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Fire Hydrant testing

Fire Hydrant testing

Fire Hydrant testing

Can someone explain the difference between a flow test and a hydro test on a fire hydrant. I have a customer who asked to have the hydrants tested at a site, and looking back thru records I found that a company did flow testing for 8 hydrants for $225.00 each and the year before at the same site a company did hydro testing for $375.00 for all eight. Also, is the difference in this testing in NFPA 25, and is it required annually, or at all?

RE: Fire Hydrant testing

The hydrostatic test is required by NFPA 24. It is only done at the initial installation, if repairs are made, or if the system is enlarged.

The flow test is required annually to ensure the hydrant is functional. If its done correctly, it also serves to confirm the availabilty of required fire flow.

RE: Fire Hydrant testing

Hydrostatic testing is exactly what it says.  You are testing with water that is not moving.  Basically, the system is pumped up to 200 psi, or system pressure +50 psi, whichever is greater.  You then monitor the pressure drop to determine any leaks.  As Stookey stated, this is only done at initial install, repairs, or modifications.

Flow testing is flowing water through the hydrants.  This will require at least 2 hydrants.  You put a gauge on one of the hydrants to take your static pressure.  You then open another hydrant for flow.  This hydrant should run a few moments to make sure debris has cleared.  You then place your pitot tube in the center of the stream and record the reading.  Before you shut down the hydrant, you need to record the residual pressure on the gauge hydrant.  Restore the hydrants to the original condition, closed with all caps on, and move to the next one.

Techinically, according to NFPA 291, you should open enough hydrants to get a pressure drop of 25%.  I have yet to see anyone do testing like this.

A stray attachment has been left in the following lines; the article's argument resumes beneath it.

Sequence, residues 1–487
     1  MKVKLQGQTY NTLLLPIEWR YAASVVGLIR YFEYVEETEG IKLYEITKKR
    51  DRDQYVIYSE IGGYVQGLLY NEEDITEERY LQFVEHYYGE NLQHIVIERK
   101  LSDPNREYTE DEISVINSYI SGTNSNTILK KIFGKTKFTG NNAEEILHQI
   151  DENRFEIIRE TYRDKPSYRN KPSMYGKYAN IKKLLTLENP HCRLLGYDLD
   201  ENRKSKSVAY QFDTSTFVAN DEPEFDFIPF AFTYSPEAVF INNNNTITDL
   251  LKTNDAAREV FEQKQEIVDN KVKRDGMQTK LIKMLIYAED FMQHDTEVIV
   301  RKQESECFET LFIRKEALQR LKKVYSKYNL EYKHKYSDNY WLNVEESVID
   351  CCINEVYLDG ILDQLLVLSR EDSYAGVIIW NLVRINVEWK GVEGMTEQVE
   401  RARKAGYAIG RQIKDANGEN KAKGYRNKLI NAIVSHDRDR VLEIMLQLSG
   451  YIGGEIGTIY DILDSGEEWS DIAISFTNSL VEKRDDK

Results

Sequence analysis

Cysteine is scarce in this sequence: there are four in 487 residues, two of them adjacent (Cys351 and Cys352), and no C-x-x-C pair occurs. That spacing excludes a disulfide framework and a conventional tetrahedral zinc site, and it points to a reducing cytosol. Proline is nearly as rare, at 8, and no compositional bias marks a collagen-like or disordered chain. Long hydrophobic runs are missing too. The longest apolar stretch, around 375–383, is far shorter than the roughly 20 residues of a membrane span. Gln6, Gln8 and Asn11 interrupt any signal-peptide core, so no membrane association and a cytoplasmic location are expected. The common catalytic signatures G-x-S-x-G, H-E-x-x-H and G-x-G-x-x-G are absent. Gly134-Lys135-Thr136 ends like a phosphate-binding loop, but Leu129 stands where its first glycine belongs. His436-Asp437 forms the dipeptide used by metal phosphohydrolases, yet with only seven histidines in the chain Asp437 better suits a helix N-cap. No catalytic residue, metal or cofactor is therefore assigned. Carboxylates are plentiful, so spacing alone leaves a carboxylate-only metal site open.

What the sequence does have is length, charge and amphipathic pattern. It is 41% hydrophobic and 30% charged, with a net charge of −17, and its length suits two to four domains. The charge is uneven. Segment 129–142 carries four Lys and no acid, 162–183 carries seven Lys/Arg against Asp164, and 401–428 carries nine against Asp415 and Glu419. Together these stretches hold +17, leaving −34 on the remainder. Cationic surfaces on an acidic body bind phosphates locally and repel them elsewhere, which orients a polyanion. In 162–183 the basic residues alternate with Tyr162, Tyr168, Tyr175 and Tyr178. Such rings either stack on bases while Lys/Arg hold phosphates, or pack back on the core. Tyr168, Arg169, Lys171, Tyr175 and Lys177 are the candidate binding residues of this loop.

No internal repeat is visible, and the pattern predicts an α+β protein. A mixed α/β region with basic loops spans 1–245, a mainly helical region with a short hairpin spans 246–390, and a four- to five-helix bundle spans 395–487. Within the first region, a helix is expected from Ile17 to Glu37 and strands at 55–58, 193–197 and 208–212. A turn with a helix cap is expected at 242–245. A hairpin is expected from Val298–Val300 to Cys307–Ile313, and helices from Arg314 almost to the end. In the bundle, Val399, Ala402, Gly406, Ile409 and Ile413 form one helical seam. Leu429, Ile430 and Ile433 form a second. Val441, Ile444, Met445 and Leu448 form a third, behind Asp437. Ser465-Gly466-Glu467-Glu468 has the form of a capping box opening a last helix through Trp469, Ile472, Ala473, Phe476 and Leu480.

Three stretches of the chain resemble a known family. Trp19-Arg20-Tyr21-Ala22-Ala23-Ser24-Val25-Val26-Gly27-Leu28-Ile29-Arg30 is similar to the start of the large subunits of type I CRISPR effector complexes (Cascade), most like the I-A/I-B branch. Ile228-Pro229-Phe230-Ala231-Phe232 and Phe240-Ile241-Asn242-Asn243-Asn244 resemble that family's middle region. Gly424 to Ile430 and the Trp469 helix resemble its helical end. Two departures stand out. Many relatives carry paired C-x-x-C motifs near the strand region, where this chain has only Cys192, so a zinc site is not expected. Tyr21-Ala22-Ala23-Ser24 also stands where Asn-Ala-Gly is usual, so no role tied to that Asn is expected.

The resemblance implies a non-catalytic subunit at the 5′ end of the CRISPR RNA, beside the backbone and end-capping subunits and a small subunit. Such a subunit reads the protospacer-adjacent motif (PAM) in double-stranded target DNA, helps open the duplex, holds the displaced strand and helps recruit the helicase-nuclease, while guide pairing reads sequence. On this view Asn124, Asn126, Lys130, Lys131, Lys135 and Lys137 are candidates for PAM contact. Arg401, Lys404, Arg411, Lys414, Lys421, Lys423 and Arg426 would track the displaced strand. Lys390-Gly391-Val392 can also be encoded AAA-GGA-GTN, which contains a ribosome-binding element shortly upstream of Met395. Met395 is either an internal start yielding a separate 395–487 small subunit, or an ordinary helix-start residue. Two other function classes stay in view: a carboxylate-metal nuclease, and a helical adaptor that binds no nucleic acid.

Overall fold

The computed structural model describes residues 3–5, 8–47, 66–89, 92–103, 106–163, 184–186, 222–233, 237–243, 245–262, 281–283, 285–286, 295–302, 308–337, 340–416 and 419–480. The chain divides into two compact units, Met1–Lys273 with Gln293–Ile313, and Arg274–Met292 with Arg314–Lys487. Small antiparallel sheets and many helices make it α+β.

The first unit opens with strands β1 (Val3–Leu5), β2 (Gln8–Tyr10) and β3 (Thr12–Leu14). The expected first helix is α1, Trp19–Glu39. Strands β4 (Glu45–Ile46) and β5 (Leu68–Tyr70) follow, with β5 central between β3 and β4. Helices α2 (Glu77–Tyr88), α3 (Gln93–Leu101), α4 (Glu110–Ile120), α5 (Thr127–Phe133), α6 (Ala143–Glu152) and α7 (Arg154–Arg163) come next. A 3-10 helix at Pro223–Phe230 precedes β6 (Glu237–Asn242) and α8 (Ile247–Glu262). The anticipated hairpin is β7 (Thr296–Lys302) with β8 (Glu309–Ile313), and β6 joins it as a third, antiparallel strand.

Per NFPA 25, hydrants shall be inspected/tested yearly.  Full flow tests of the underground piping is required on a 5yr schedule.  If you are going to be doing any of this testing, you should have a copy of NFPA 25 and someone trained in Inspection / Testing / Maintenance of Water Based Fire Protection Systems (BTW, that is the title of NFPA 25).

RE: Fire Hydrant testing

I agree with everything stookeyfpe and TravisMack have posted, but I would like to add a few additional comments.

Most states require "certified" fire protection contractors or individuals who meet certain qualifications which are clearly outlined in state law for this type of testing (for good reasons if you want my opinion).

Based on the comments above, it looks like the company who charged $1,800 ($225 x 8 hydrants) took advantage of the ignorance of their customer. Based on NFPA 25, hydrant flow testing is required on a 5 year interval to test certain aspects of the underground mains. For a location which has 8 fire hydrants, this inspection activity can usually be completed with one or maybe two hydrant flow tests. The number of required hydrant flow tests primarily depends on the number of loops and design or layout of the underground main system.

If you are located in the great state of Georgia, we would be more than happy to provide all of the inspection and maintenance activities this customer needs to meet NFPA code. Based on your original comments, I would not trust the company you referenced to do what is best for their customers.

RE: Fire Hydrant testing

A flow test may have different objetives and can be required by the AHJ or fire department to check if the water supply meets the folowing:

1. That the design flow and pressure requirements are met.
2. To compare the current flow conditions with a previous measurement.
3. To check if the hydrants meets the minimun flow and pressure for fire department use, private brigade or occupants hose use, or for the use of a hydrant with the fire engine. Also to check if the pressure donĀ“t exceed the maximum safe operation pressures.
4. To check is pressure regulating devices are well adjusted.

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